Mary Poppins, a truly memorable character, was acid-tongued, cold and vain. Mr and Mrs Banks had little interest in or interaction with their children.

I think many younger children would be scared by the situations into which Poppins lures the children, such as the full moon birthday party in which shes surrounded by snakes.

Neither the book nor the character have the redeeming and nurturing warmth I expected, which left me more intrigued than if this had been the more saccharine tale I imagined.


Serotonin by Michel Houellebecq

I had never read anything by Houellebecq before, but knew of his reputation for gloom. This book lived up to that reputation, mostly in a good way. I read the translation by Shaun Whiteside.

The protagonist was a depressed agricultural advisor to the French government on farming and agricultural matters. He was prescribed a novel antidepressant which increased his serotonin level (hence the title). The novel followed this not entirely likable character as he made increasingly strange life choices.

The high suicide rate among agricultural workers is well known, but this novel made me think a bit more about the myriad causes of this, especially in modern society. It was also good at giving a slightly different perspective on the experience of depression and medication. There was a good dose of dark humour mixed in with the tragedy.

There was a fair amount of gratuitous sex, including bestiality and paedophilia, which seemed like it was there more to shock than to perform any intrinsic function. Also, in one of those bizarre turns of fate, there’s a section in this reflecting on Arthur Conan Doyle’s short stories, which I was reading at the same time!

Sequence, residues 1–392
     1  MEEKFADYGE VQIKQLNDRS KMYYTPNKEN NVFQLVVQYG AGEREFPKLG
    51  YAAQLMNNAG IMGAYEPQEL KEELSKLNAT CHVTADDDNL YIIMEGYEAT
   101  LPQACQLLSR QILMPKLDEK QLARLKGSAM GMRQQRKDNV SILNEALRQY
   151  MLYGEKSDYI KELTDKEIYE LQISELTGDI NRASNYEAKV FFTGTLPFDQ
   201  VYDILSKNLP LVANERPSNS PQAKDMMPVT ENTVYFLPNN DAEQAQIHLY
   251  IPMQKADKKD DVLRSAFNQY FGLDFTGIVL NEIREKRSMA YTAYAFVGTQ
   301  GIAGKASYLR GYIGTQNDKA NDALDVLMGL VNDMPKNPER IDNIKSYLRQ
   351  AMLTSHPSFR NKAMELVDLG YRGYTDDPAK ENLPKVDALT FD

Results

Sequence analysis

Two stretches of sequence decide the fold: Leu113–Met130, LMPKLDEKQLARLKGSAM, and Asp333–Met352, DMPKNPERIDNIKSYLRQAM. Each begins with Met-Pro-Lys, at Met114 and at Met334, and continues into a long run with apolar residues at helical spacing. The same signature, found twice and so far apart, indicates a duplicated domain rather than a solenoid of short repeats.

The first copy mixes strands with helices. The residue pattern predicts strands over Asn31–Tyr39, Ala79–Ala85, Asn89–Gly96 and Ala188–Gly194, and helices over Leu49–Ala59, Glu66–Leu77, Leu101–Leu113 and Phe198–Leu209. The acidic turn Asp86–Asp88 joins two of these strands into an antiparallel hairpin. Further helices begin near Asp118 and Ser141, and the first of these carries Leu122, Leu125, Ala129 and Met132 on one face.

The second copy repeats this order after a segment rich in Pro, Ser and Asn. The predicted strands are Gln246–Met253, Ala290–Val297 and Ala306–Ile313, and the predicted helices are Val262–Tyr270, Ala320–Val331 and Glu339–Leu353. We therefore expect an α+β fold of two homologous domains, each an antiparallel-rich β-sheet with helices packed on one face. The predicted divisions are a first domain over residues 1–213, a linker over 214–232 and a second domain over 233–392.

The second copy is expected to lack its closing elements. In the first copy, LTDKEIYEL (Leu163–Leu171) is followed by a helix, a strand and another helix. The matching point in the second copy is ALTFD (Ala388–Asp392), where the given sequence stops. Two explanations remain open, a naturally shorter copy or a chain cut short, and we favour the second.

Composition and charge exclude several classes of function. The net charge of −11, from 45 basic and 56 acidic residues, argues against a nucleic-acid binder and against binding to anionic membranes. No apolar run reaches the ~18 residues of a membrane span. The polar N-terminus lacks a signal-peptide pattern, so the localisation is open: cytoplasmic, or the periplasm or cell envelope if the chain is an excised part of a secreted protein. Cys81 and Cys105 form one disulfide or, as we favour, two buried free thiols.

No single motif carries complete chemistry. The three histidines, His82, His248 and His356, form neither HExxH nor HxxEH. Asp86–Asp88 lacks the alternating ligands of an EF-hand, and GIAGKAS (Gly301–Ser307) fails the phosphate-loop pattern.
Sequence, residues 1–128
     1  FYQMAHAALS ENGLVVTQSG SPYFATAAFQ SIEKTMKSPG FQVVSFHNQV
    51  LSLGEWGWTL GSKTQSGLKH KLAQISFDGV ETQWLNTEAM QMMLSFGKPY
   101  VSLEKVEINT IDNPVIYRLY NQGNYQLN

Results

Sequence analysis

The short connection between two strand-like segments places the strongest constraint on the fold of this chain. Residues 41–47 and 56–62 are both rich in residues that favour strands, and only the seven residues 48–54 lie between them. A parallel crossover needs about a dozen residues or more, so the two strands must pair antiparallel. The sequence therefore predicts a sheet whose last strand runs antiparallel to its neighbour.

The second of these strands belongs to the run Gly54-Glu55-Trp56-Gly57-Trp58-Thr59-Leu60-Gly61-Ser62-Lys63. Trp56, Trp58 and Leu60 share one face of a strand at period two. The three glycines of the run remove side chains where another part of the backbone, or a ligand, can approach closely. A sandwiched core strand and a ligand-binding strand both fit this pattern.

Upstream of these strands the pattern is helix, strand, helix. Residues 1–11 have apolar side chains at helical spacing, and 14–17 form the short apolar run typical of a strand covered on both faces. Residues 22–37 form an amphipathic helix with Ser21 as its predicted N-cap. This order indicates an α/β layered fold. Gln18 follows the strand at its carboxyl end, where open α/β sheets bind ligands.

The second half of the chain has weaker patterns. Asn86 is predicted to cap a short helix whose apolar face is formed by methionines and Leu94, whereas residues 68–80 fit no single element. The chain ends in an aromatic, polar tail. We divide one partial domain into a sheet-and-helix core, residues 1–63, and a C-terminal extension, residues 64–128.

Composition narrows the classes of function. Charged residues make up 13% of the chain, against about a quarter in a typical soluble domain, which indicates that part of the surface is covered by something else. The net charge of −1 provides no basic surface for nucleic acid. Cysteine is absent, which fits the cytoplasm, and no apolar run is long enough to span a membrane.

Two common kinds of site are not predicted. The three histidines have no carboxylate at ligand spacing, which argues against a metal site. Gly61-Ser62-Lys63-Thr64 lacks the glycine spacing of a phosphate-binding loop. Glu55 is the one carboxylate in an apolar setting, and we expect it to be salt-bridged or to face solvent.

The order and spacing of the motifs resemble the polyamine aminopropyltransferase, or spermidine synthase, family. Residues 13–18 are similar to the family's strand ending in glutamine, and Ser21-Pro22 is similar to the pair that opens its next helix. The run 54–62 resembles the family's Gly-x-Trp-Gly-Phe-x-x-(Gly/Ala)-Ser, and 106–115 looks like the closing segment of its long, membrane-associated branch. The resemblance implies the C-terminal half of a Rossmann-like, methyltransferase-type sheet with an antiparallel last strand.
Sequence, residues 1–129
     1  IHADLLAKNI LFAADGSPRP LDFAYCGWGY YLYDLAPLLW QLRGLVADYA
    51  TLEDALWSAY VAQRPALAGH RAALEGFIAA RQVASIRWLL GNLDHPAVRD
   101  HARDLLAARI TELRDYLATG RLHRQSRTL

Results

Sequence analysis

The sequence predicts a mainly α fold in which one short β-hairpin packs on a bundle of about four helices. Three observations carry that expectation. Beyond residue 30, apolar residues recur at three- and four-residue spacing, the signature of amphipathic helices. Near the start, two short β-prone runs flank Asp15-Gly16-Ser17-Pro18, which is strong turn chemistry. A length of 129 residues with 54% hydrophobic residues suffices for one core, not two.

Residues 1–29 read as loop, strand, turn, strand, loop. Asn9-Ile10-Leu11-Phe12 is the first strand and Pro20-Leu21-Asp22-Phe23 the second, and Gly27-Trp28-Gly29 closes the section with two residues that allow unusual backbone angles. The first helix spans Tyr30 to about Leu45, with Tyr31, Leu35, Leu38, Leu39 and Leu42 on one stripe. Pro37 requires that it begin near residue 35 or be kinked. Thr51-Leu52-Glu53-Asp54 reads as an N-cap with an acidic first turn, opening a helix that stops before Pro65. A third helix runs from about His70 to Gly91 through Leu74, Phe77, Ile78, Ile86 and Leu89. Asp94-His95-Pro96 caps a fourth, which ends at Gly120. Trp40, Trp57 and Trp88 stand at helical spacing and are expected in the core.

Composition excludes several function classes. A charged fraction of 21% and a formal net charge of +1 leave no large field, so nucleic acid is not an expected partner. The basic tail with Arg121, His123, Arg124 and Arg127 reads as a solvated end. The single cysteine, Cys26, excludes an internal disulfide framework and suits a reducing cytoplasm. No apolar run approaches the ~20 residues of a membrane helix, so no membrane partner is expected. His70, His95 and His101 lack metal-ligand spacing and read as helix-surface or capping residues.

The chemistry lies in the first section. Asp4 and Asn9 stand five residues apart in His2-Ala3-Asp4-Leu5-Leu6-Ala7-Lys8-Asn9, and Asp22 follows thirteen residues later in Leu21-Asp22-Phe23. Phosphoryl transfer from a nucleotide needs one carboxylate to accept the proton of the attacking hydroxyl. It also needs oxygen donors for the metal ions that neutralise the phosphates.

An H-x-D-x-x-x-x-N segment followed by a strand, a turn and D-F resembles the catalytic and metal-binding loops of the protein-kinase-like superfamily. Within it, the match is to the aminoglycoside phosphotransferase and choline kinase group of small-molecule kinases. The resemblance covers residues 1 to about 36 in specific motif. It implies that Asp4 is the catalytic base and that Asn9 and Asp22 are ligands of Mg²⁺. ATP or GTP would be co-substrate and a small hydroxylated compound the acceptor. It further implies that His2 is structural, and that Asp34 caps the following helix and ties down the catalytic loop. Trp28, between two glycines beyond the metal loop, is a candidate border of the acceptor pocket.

Night Train by Martin Amis

This was a book that started off as a crime procedural narrated by a policewoman called Mike, but turned out not to be a crime procedural at all. It was rather a sort of dark fictional philosophical exploration of suicide.

By pure coincidence, I had Miles Davis playing as I read much of this, and I was struck by how the writing seemed ‘jazzy’: police procedural cliche played with, improvised, turned on its head, and using the same forms to different ends. I enjoyed it.


The Sign of the Four by Arthur Conan Doyle

Contrary to most of the reviews I’ve flicked through, I enjoyed this less than A Study in Scarlet. It felt like there was more padding, and the long narrated resolution at the end felt more tedious than than the second part of the first book.